Salem, N.H. -- Michael Withrow has a theory about every pie in his factory. ''When you make a pie with rhubarb," he says, pointing to an 8-inch strawberry-rhubarb pie, ''you have to think about the pucker. I want my cheeks to get sucked in until they touch."
This particular pie is a sample being sent to Trader Joe's, who started selling Withrow's old-fashioned apple pie in May. His company, the Pie Guy, heard from Trader Joe's buyers that the dessert was a ''home run." Now they want more varieties.
The Pie Guy is a four-year-old endeavor started by Withrow and his wife, Lisa, after Michael was let go from a job as director of operations at a local hotel chain here. When the couple discovered a struggling little bakery, with a catchy name and a loyal clientele, for sale in Plymouth, N.H., they bought it and changed the recipes. Last year they moved the company to a 7,800 foot manufacturing plant,where 30 employees help them churn out more than 15,000 pies weekly, in more than a dozen varieties. The preservative-free fresh pies include wild blueberry, very berry, pecan, and strawberry cream.
As Michael Withrow weaves a lattice top of dough over the rosy combination of berries and rhubarb, he explains what his little company set out to do. ''We're trying to make commercial pies that are as good as what you would make at home from scratch," he says. ''I think we're doing it."
While the bakers are working, hip-hop music is blasting and the bakery bustles with cheerfulness. One young guy tosses apples with sugar, cinnamon, and lemon juice. A college girl, home on summer vacation, runs dough through a sheeter, then cuts it into circles and hands it across the table to an older woman who drapes it over apples heaped in a crust. Crates of bananas, big blocks of shortening, plastic tubs of apples, and five-gallon buckets of homemade pudding are stacked ready for their pies. It's quite warm near the ovens, which are giant walk-in rooms where the pies bake, spinning on racks just like they would in a countertop display case at the local diner.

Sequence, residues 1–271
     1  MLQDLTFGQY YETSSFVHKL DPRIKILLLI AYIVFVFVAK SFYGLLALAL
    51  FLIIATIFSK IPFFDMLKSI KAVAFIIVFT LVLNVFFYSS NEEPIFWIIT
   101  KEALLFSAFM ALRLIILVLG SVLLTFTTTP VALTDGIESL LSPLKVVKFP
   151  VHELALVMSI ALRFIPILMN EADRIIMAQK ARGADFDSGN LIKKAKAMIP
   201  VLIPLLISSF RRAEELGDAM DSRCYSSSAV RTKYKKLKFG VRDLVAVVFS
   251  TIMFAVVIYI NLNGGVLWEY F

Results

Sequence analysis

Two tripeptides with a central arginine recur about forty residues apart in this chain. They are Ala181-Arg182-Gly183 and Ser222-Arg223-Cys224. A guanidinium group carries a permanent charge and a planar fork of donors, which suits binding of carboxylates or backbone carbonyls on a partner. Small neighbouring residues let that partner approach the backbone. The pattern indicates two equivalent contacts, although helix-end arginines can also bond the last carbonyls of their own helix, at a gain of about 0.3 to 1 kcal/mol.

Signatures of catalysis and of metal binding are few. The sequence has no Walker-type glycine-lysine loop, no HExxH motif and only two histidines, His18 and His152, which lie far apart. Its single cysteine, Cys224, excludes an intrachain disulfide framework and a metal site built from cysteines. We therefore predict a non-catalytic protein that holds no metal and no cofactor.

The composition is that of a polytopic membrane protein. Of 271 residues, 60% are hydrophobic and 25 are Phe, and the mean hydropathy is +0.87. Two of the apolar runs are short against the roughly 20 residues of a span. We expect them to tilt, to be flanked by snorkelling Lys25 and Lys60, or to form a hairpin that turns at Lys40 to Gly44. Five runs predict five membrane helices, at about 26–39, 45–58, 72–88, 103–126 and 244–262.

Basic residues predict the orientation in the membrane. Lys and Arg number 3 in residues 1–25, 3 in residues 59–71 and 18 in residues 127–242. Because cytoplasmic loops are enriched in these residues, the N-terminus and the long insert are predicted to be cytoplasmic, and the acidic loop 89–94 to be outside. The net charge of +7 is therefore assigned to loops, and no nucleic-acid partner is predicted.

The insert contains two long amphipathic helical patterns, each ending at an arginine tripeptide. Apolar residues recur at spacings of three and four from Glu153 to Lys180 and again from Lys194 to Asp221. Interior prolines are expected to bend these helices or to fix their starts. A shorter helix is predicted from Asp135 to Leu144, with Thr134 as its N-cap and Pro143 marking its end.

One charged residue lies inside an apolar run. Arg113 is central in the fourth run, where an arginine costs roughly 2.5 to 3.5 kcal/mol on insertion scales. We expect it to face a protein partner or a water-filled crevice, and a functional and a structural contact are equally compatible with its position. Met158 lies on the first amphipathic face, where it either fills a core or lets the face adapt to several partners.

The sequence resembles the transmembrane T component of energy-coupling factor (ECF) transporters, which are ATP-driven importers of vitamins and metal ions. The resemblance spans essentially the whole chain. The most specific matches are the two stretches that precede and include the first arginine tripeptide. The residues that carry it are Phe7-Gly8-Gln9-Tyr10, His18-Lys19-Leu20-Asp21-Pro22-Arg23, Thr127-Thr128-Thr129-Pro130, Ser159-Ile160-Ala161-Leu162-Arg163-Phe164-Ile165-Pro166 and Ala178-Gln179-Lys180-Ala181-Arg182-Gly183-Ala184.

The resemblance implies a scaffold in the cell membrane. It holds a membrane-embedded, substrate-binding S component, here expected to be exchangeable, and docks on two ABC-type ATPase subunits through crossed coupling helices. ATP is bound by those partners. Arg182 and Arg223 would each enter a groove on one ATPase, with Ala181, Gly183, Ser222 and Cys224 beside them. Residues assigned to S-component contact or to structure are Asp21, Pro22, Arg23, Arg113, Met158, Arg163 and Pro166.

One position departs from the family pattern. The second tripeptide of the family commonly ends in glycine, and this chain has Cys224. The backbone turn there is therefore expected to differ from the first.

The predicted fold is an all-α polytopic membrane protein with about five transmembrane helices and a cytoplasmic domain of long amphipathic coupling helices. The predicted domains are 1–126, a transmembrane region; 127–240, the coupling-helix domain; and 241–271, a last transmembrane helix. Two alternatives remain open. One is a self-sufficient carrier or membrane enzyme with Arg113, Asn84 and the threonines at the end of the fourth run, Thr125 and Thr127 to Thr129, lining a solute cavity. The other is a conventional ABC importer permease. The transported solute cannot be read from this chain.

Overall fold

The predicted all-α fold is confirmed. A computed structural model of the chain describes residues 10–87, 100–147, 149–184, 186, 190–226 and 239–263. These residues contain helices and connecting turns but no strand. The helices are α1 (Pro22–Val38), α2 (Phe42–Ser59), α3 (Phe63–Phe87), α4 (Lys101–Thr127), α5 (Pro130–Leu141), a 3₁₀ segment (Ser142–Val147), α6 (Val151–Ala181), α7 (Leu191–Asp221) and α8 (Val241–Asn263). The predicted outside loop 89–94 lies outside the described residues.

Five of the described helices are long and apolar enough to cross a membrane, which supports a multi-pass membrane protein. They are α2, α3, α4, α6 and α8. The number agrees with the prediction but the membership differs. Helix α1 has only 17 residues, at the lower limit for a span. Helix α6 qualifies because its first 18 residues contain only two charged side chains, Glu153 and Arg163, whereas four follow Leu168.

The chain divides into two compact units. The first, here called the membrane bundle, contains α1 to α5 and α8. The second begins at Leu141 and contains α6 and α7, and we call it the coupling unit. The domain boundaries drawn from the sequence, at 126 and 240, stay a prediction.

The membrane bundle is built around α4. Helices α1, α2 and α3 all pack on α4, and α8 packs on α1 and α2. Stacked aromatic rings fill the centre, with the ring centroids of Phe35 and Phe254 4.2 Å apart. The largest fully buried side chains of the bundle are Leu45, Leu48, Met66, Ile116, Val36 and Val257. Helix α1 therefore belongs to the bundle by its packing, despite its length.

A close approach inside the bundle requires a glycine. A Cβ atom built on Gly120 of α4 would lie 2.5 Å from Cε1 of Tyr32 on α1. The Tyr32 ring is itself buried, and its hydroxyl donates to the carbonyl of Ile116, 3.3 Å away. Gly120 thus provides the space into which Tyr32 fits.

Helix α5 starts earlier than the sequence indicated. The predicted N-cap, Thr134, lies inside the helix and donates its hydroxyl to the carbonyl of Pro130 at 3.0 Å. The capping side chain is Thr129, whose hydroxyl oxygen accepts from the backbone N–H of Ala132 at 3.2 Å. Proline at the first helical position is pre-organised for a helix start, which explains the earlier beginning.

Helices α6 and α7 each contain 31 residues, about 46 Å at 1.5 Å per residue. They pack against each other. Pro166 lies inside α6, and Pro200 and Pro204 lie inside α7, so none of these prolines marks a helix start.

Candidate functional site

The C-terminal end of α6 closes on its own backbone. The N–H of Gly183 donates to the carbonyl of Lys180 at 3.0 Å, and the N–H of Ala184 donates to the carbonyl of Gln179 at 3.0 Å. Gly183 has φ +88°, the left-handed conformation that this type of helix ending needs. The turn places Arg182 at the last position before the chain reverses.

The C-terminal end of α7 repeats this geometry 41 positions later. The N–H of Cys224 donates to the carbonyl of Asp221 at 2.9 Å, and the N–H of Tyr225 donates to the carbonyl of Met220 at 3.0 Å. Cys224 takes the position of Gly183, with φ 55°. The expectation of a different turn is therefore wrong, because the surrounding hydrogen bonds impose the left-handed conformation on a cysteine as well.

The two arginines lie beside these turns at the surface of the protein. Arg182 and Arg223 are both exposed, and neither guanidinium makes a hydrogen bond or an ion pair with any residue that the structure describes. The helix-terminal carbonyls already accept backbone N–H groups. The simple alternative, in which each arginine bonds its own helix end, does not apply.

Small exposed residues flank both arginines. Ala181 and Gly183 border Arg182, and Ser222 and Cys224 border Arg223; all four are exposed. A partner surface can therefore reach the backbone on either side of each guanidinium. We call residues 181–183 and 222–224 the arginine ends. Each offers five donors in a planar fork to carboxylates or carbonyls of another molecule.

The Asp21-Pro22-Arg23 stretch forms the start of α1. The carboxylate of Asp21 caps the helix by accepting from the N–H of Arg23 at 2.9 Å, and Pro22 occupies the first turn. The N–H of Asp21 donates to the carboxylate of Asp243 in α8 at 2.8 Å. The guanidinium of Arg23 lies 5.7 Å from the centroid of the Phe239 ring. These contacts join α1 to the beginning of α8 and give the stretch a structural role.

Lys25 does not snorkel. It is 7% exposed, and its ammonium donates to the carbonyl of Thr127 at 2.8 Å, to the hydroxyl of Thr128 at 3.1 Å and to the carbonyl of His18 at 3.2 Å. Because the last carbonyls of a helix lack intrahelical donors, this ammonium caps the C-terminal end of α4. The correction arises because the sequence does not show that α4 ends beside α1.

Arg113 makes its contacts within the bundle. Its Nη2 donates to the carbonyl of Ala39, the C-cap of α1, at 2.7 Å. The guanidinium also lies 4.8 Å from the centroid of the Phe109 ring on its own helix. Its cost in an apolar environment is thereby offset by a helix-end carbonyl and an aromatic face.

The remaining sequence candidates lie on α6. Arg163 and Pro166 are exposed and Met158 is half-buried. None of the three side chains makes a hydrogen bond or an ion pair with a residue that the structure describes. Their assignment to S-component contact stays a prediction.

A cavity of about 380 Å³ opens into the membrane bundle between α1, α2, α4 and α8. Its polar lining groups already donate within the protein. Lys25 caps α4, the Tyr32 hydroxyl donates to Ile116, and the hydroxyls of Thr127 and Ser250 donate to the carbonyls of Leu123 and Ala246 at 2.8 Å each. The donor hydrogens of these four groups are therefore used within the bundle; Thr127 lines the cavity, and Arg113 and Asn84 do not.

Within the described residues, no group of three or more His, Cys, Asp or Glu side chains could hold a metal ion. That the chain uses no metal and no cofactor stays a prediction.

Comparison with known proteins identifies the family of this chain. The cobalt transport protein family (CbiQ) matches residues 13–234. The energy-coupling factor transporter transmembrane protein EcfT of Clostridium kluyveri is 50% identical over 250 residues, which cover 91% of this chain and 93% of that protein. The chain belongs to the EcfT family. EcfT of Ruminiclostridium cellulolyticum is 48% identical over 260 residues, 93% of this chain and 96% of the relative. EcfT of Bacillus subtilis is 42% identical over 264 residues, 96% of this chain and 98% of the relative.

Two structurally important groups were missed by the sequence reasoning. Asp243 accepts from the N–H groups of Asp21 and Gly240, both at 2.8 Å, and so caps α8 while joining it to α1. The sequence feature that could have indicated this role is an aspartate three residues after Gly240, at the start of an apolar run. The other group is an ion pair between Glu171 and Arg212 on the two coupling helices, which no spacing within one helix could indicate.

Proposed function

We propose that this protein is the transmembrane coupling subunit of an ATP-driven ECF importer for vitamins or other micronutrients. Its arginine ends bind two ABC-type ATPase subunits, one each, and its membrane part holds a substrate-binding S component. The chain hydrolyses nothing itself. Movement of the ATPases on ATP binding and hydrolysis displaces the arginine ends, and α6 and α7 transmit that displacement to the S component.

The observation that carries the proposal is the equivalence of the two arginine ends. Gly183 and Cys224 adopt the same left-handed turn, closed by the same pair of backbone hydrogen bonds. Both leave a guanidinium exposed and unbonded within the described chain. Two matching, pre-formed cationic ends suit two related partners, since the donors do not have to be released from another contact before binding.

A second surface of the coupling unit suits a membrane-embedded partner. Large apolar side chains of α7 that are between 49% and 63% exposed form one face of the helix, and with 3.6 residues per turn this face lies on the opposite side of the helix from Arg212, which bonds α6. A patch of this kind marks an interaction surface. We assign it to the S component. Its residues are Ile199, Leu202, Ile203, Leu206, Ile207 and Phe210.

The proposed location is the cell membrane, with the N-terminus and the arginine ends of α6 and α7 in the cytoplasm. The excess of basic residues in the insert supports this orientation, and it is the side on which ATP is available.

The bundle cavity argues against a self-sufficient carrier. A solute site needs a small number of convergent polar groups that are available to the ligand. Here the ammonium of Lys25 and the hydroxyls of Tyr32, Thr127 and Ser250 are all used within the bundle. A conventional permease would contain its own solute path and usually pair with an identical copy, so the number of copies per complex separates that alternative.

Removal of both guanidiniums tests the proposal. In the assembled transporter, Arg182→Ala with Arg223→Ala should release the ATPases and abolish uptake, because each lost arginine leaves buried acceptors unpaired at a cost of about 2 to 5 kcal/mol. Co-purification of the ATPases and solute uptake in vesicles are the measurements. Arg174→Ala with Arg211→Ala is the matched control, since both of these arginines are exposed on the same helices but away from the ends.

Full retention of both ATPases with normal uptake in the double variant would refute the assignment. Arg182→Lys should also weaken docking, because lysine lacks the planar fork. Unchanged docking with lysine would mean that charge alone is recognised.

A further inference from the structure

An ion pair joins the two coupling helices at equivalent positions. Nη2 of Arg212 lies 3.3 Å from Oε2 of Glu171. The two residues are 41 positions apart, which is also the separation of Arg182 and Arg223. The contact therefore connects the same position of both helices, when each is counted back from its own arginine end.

Lisa Withrow works on graphics and marketing. She's the creative end of the business. Michael Withrow is everywhere at once. He stops to pull a blueberry pie off a cooling rack and press on the lattice top until juice runs over the sides. ''We're looking for this kind of bubble-over," he says, referring to the spill-over effect. ''It's what makes a pie look homemade. I teach everybody to overfill with the fruit and then when they're baking to ask themselves whether the pie can handle a couple more minutes in the oven."
Cool pies are packed in black plastic boxes with clear tops affixed with the company label and shipped to supermarkets within 16 hours. ''My 7-year-old daughter can pronounce everything that we put in our pies," says Withrow. ''We whip fresh cream in the mixer, make pudding from scratch, melt chocolate, chop bananas, and weave the lattice tops by hand. Fresh apples are delivered every week from an orchard in New Hampshire. The milk and eggs all come from local farms."
Good ingredients and lots of handiwork mean that the pies don't come cheap. Typically, a 9-inch round sells for about $11.99, 6-inch for $5.99, and 3-inch for $1.99. ''I know they're expensive," says Withrow. ''Some of our competitors are selling 9-inch pies for $3.99. The thing is, everywhere that we sell our pies, they're not only the most expensive but also the best sellers."
Pies are baked Monday through Thursday, so most of the crew gets a three-day weekend. ''The schedule works for our staff and it works for our family," says Withrow. ''We know that if we try to grow too fast, the product will suffer and we'll run ourselves ragged. Right now this place is only operating at 40 percent capacity. We could easily be twice as big and twice as busy if we didn't care about our customers, our employees, and our kids."
The Withrows are considering franchising in a couple of years, adding a new line of fruit crisps, and giving in to more automation. ''We're going to keep innovating and working on getting people to think of pie as a dessert instead of something that you just eat on special occasions," he says. ''Pie should be a part of everyday life. It makes people happy."
As for the spare tire factor, Withrow has tackled that, too. ''You know, you can eat what you want, as long as you do it in moderation and keep busy," he says. ''This month I lost 16 pounds practicing Tae Kwon Do and doing Weight Watchers. But I still ate pie every day."
The Pie Guy pies are at the Butcher Boy Market, 1077 Osgood St., North Andover, 978-688-1511; Shaw's; Stop & Shop; Wild Oats; and Whole Foods Markets, or go to www.pieguy.com.